Photos by Channa Steinmetz
The five candidates for Malibu City Council answered questions about homelessness, Measure M and youth in politics at Malibu High’s first Town Hall Forum on Thursday, Oct. 11.
President of Community Involvement Club and Malibu High senior Collette Aldrich and Youth Commission representative and Malibu High senior Jessica Ford launched and facilitated the forum as a way to get their peers to participate in the current election.
“We wanted students and families to get involved,” Aldrich said. “We’re in a large transition stage in Malibu with a lot of changes coming. These changes involve the younger population and what’s going to happen in our future.”
Malibu residents will be voting in three weeks, on Nov. 6, to fill the seats of council members Lauren Rosenthal and Lou La Monte as they are termed out of office this fall.
The five candidates running for office shared their diverse backgrounds at the forum.
Mikke Pierson served on the City of Malibu’s Planning Commission and is currently a small business coach. Olivia Damavandi was a former editor and writer with The Malibu Times and served as the City of Malibu’s media information officer. Karen Farrer was a parent on the Malibu High School Board and local activist. Lance Simmens has 40 years of political work serving under former presidents Jimmy Carter and Bill Clinton and served on the Adamson House Board. Jim Palmer served on the city’s public works commission and owns a local vineyard.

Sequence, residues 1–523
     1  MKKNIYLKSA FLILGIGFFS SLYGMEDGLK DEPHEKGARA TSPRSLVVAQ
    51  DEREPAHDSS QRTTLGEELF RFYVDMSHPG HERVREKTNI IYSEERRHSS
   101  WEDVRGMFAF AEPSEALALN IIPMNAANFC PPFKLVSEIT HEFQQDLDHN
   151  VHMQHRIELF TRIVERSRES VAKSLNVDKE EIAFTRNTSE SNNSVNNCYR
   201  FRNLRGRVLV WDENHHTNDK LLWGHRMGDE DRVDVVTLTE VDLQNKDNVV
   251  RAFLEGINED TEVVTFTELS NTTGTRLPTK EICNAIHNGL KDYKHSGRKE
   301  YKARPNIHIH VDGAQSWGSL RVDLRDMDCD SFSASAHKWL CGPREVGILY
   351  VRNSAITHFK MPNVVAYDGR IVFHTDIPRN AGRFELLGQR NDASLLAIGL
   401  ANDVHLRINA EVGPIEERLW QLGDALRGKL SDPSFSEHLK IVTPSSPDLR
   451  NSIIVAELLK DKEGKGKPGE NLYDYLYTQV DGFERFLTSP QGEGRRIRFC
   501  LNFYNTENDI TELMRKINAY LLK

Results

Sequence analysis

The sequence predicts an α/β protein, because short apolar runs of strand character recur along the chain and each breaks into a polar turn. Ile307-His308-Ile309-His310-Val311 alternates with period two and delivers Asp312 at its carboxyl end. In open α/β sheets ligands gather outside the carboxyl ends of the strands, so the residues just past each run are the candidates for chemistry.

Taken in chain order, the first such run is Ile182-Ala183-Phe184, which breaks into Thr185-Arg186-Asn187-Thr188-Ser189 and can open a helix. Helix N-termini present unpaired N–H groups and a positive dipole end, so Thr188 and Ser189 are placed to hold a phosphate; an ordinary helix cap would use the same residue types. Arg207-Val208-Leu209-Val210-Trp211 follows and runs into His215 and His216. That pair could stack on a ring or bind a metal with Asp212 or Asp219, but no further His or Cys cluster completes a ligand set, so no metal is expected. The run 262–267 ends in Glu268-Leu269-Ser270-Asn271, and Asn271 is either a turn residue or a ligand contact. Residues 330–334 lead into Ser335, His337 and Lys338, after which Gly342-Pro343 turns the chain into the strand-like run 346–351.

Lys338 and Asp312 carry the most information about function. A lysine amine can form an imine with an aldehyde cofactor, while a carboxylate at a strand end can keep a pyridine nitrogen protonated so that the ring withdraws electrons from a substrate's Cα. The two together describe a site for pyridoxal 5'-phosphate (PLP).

All five candidates spoke highly of the student-run event.
“All the youngsters that were here tonight had good questions,” Simmens said after the forum. “They were involved; they were courteous. They’re the fate of the nation. It’s a great testament to the youth and their ability to grab the bull by the horns and run with it.”
Farrer agreed that the students were professional and engaged during the event.
“I’m really happy and really proud of the Malibu High students for putting this event together,” Farrer said. “It was the first time they’ve ever had a candidates forum. I would like to see this become an event with every campaign season.”
Palmer commended Alrich on her “amazing job as a moderator.”
Damavandi said this event was special to her because she was once a student at Malibu High and now she is a parent raising her own kids there.
Pierson agreed that having the youth run the event was exciting.
“I think this was the forum that excited me the most,” Pierson said. “My whole life has revolved around kids — mentoring them, growing them, [and] helping them make the right decisions has been a huge part of my life.”
Aldrich and Ford asked the candidates questions concerning prominent topics in Malibu such as homelessness, Measure M and young people in politics. The candidates had two minutes to answer each question with 30 seconds at the end to revisit any question. The hosts then invited members of the audience to ask the candidates their own questions.
Aldrich questioned the candidates on their stance on homelessness in Malibu and the measures they would take to resolve it.
Each candidate had different approaches to the issue. Pierson discussed the City of Malibu’s outreach team, which he said housed 40 people in Malibu into traditional housing. Palmer also touched on the outreach program, but said Malibu must start with policies.